With version 2.1, the Shout GUI can now run on properly configured Linux PCs. This document covers hardware and software requirements for the Shout Linux GUI and includes specific steps for configuring a Linux system for optimum Shout GUI performance. Note: Shout 2.1 for Linux is in Beta and is not a full release version.

Hardware Requirements
CPU: Pentium III or better (Pentium 4 or AMD Athlon recommended)

RAM: Minimum 512MB for GUI only; 1024MB for GUI and single server thread on the same machine

Disk: No special requirements

Graphics: X server with accelerated OpenGL support required;

nVidia GeForce or Quadro chipset recommended.

At least 128M of RAM on the graphics board is recommended.

(GeForce4 Ti 4400 w/128M RAM is a good, inexpensive choice.)

Screen size: 1280x1024 or larger

Tablet (if desired): Wacom Intuos (same hardware as SGI); no additional driver software required.

 
Software Requirements

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AJA Video Systems

www.aja.com
Video Capture and Conforming Software, switchers and routers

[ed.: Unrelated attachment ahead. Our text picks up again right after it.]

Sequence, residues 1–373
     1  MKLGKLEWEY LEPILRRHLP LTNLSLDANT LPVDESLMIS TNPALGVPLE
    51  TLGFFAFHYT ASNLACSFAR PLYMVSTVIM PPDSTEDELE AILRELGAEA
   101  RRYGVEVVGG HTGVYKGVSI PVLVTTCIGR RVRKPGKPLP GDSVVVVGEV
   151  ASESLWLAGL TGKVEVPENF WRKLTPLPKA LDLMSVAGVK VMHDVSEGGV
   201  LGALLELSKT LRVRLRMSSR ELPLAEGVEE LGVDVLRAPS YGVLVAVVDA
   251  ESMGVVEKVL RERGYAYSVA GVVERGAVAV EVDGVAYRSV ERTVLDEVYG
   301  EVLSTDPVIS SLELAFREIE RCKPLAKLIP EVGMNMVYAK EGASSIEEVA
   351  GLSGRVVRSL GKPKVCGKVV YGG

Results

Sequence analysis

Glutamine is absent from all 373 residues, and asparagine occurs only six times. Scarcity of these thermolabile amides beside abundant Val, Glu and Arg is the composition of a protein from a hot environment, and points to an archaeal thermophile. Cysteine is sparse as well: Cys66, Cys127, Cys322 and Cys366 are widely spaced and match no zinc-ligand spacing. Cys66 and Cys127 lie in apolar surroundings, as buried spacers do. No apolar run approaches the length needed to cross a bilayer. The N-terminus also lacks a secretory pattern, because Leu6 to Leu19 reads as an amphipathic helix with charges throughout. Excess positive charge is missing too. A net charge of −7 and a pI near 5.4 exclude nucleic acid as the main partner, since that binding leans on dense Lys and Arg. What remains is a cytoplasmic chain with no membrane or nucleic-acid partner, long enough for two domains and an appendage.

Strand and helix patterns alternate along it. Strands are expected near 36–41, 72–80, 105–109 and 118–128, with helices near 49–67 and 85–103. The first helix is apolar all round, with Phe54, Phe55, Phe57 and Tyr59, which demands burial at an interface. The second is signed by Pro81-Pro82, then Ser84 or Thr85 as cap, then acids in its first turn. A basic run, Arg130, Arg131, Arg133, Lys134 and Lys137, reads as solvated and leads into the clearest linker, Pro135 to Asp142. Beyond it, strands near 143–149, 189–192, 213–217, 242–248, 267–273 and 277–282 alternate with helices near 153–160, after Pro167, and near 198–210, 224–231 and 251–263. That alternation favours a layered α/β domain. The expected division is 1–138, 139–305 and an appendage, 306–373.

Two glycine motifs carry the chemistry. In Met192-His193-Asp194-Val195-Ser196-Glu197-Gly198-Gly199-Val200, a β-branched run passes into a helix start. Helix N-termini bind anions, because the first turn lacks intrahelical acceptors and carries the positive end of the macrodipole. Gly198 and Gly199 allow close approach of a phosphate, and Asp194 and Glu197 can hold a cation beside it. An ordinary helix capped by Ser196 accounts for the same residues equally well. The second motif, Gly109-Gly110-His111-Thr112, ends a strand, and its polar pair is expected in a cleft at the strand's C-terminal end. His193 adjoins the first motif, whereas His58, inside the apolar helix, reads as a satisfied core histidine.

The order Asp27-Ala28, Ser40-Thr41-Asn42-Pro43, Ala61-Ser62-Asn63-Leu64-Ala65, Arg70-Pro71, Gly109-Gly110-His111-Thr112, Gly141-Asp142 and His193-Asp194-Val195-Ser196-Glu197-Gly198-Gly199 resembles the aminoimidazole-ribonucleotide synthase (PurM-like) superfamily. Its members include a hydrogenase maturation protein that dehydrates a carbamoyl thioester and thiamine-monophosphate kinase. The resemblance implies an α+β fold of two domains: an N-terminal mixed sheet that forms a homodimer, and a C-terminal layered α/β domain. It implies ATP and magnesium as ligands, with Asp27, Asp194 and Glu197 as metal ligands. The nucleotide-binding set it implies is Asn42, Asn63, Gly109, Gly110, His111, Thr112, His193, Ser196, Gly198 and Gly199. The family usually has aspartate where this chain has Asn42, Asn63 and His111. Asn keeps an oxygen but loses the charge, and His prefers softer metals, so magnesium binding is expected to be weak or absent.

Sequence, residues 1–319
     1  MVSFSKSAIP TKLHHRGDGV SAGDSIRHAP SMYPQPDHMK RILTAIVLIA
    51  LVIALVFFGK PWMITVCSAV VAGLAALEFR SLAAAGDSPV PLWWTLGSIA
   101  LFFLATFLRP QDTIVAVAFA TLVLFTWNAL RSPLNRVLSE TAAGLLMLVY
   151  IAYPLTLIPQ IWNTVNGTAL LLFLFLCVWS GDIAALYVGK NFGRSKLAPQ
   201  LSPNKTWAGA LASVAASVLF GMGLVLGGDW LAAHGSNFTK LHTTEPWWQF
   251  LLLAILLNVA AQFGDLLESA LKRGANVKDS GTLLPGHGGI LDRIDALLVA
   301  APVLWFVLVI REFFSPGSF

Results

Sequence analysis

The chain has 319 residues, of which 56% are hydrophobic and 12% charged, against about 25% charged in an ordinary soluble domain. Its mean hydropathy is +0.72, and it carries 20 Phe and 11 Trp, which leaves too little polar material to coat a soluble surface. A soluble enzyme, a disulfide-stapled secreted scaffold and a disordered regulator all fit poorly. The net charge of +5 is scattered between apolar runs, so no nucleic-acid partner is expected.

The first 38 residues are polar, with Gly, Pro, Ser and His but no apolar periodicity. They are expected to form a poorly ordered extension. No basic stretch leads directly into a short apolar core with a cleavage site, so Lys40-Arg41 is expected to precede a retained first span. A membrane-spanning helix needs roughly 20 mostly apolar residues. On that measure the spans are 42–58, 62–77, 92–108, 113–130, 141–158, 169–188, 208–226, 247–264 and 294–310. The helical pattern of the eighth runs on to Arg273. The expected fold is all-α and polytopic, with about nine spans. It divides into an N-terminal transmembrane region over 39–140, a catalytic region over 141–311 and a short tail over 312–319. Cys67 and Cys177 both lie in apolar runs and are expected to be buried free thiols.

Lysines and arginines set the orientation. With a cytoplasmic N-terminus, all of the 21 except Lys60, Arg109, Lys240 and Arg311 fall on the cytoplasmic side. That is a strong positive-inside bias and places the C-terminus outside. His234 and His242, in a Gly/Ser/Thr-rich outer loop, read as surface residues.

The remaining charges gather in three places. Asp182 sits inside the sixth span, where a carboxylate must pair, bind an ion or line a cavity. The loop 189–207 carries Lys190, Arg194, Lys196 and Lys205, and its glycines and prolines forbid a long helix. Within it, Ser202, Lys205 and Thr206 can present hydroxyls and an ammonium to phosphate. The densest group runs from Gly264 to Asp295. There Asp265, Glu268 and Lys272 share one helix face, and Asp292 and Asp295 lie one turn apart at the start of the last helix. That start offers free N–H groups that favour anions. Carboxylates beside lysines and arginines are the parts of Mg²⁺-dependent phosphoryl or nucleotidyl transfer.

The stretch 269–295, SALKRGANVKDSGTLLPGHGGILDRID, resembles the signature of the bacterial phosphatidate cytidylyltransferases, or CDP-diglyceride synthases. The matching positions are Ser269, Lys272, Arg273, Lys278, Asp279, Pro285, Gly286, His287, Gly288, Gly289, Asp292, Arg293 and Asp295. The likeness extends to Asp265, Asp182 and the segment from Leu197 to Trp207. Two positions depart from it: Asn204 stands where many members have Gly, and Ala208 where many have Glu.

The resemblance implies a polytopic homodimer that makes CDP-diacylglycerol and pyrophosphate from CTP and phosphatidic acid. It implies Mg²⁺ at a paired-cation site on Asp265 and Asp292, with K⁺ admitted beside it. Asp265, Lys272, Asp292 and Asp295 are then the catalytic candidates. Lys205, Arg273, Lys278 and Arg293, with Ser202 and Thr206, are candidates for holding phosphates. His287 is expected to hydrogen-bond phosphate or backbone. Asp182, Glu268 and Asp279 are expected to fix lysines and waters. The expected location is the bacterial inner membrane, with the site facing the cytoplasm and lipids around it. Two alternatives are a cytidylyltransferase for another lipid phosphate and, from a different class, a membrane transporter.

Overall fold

Release Notes 


Release Notes – AJA Windows XENA Software Version 4.2

General
If you are installing for the first time please read the “ReadMeFirst.pdf” located on the installation CD. This software release adds new features and improves the functionality of the XENA LS/LSe, HS, LH/LHe, LHi and 2K/2Ke cards, as well as the Io Express from AJA.

Requirements and Recommendations  
Before running this installer, uninstall all previous versions of AJA XENA or AJA Windows software.

Instructions for Windows XP
  • Go into Add/Remove Programs
  • Select the XENA Retail software and click ‘Change’
  • In the dialog box that appears, select ‘Uninstall’
Instructions for Windows Vista/7:
  • Go into the Control Panel and click ‘Uninstall or Change a Program’
  • Right Click on the ‘XENA Retail’ software and select ‘Change’
QuickTime™ 7.6 or higher must be installed.

Operating Systems Required: Windows 7 (64-Bit) is recommended for best performance.

Windows XP 32-bit and Vista 64/32 Bit are also supported.

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Intuit

Updating Account Information
Transactional Emails